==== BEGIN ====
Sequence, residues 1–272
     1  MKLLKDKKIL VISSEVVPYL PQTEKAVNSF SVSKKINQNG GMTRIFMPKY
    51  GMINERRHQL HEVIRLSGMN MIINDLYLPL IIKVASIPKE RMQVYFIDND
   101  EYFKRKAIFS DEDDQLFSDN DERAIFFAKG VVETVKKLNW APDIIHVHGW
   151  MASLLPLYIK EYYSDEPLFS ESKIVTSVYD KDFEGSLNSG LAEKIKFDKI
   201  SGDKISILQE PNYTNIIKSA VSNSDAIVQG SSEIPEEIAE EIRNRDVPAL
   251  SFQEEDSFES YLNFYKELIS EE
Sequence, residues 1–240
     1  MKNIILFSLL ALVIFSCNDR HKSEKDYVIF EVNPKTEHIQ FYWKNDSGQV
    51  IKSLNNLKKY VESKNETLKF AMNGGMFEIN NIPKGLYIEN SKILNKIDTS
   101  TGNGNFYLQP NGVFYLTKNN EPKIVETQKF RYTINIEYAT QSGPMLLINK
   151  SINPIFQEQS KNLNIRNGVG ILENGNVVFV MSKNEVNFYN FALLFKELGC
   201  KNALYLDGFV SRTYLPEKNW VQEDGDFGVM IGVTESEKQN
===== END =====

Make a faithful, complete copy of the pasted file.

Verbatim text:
Sequence, residues 1–272
     1  MKLLKDKKIL VISSEVVPYL PQTEKAVNSF SVSKKINQNG GMTRIFMPKY
    51  GMINERRHQL HEVIRLSGMN MIINDLYLPL IIKVASIPKE RMQVYFIDND
   101  EYFKRKAIFS DEDDQLFSDN DERAIFFAKG VVETVKKLNW APDIIHVHGW
   151  MASLLPLYIK EYYSDEPLFS ESKIVTSVYD KDFEGSLNSG LAEKIKFDKI
   201  SGDKISILQE PNYTNIIKSA VSNSDAIVQG SSEIPEEIAE EIRNRDVPAL
   251  SFQEEDSFES YLNFYKELIS EE
Sequence, residues 1–240
     1  MKNIILFSLL ALVIFSCNDR HKSEKDYVIF EVNPKTEHIQ FYWKNDSGQV
    51  IKSLNNLKKY VESKNETLKF AMNGGMFEIN NIPKGLYIEN SKILNKIDTS
   101  TGNGNFYLQP NGVFYLTKNN EPKIVETQKF RYTINIEYAT QSGPMLLINK
   151  SINPIFQEQS KNLNIRNGVG ILENGNVVFV MSKNEVNFYN FALLFKELGC
   201  KNALYLDGFV SRTYLPEKNW VQEDGDFGVM IGVTESEKQN